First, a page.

What Kind of Oil Change Do I Need?
If you look in the owner’s manual for your car, you’ll see a recommendation for what kind of oil to use when you get an oil change. But that’s not the end of the story. For example, if you drive a 2016 Honda Civic, it’ll tell you to use Genuine Honda premium-grade 0W-20. Okay, well, what does that mean? Will my engine explode if I don’t use Genuine Honda? Will it run better if I pay extra for the pricey synthetic option? What’s the difference, anyway?
At our service center, we think it’s important to have good answers for these kinds of questions. Even if you never plan on changing your own oil, it’s nice to know a little more about what’s going on under the hood. We’ve got answers.
Motor Oil 101
Those two numbers, 0W-20, are the most important piece of information for choosing the right oil. They represent a rating for how viscous the oil should be (in other words, how easily it flows). If the oil is too thick, the engine will be less efficient and hard to start. But if the oil flows too easily, it won’t seal and lubricate the engine as well as it should, which causes its own problems. If you’re changing your own oil, just make sure those two numbers match the manual.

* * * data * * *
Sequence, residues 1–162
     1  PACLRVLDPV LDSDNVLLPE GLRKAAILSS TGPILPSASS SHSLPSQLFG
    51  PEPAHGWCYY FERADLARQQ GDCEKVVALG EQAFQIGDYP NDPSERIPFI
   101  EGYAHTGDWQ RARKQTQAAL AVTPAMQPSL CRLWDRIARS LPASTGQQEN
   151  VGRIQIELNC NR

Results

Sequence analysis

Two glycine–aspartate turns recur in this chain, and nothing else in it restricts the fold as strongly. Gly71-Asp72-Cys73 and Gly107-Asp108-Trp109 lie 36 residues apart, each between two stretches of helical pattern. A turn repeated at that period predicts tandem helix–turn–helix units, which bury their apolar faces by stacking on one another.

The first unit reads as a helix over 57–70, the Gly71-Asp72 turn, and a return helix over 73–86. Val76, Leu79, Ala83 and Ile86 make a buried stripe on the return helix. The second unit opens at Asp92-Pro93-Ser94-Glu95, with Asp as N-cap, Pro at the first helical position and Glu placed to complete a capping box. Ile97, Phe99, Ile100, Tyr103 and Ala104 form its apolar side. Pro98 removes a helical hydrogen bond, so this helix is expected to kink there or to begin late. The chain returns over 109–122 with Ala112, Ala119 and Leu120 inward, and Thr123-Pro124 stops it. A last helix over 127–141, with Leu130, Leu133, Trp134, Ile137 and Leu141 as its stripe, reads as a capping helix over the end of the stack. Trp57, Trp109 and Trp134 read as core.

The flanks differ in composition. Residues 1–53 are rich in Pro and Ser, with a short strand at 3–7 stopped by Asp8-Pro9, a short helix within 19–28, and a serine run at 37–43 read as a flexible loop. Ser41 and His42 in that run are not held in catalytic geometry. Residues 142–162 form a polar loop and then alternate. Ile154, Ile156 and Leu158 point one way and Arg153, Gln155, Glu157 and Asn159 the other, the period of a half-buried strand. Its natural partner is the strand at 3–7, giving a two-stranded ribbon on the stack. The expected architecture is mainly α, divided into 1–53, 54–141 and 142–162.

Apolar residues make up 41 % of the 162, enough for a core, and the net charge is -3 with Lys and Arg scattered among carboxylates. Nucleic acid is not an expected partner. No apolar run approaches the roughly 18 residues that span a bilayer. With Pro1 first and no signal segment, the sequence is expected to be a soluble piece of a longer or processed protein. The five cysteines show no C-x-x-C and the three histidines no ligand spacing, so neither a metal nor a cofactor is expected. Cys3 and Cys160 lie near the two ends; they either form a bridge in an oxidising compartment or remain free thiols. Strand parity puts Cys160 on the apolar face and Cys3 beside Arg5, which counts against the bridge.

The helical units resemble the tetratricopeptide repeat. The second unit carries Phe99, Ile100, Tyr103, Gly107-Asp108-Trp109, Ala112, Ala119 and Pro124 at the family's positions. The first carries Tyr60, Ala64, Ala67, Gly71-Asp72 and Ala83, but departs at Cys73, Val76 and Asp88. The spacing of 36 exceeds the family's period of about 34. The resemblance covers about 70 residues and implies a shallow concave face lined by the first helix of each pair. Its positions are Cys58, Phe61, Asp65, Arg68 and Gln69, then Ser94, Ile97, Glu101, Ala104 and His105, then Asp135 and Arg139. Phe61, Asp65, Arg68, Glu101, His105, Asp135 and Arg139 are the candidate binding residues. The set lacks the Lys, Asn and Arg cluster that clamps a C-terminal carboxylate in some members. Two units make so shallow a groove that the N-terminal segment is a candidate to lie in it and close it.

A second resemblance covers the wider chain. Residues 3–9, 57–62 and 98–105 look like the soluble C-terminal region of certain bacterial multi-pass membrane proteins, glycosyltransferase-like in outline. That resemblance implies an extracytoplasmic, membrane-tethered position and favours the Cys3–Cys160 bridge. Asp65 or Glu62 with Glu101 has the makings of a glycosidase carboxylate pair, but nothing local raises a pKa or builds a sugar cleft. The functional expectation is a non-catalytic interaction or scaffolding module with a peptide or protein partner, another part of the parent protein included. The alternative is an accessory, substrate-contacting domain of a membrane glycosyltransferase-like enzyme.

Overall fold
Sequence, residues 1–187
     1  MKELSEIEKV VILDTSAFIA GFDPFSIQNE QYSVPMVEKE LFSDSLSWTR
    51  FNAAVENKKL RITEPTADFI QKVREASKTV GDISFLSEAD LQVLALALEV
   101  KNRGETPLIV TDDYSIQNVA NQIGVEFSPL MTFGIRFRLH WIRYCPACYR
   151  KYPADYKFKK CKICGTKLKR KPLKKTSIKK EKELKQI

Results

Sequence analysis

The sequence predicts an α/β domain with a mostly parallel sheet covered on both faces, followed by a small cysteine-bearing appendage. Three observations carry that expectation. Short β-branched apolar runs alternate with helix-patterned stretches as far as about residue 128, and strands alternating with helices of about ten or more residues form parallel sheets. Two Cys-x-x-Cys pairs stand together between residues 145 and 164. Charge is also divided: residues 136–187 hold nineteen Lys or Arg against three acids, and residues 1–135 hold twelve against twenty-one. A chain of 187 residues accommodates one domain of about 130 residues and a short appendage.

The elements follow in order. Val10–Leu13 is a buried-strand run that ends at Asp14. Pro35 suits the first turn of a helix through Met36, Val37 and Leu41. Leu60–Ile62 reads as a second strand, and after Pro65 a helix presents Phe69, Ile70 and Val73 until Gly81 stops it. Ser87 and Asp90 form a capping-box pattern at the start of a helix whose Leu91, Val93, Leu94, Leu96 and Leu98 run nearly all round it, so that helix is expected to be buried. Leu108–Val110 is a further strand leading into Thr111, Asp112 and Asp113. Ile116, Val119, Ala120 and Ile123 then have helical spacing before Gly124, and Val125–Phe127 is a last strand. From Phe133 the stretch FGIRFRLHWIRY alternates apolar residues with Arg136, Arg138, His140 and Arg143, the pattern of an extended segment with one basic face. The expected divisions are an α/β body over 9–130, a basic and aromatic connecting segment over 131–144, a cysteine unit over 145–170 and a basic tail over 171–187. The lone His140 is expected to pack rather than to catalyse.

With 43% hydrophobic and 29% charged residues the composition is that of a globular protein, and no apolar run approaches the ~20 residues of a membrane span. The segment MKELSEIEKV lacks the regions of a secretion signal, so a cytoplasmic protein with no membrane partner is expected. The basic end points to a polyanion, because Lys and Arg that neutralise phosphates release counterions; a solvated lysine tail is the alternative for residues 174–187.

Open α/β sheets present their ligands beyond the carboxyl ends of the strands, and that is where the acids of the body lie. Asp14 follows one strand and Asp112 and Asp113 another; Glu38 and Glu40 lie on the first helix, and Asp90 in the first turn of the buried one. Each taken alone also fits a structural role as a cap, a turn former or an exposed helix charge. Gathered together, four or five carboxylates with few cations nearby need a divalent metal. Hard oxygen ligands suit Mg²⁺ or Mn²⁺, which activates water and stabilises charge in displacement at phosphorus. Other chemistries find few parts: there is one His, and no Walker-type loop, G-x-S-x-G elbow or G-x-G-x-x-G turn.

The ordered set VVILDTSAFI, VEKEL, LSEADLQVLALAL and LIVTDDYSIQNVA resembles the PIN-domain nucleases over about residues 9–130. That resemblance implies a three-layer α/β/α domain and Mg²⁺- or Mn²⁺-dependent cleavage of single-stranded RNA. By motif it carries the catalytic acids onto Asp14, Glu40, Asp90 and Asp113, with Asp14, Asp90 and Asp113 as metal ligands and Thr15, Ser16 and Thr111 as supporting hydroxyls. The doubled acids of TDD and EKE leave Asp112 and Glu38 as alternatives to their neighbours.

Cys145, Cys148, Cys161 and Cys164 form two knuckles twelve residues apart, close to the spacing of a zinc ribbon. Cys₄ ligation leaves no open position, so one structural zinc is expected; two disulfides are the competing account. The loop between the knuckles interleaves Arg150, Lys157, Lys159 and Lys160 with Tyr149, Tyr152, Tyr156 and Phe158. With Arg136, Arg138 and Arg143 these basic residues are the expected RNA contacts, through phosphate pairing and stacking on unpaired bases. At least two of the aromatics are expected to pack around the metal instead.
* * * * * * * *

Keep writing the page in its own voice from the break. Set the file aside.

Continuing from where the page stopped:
If you don’t change your own oil, you probably won’t even need to worry about the viscosity. We’ll take care of that. But you’ll still need to choose whether to buy conventional or synthetic.
Is it worth paying more for synthetic? Depends on the car. Vehicles with high-performance engines should use synthetic. For most cars, it won’t make much of a difference in performance, so you might as well stick with conventional.
Truck owners or SUV owners who do a lot of hauling and towing might want to consider a synthetic/conventional blend. This type of oil offers a little more protection for a hard-working engine, while still costing less than a full synthetic.
Finally, there’s high-mileage oil, which contains additives to help protect and maintain the rubber seals in an older car’s engine. Definitely do consider using high-mileage oil if your car has more than 75,000 miles on it: it’ll help the engine run more smoothly and last longer.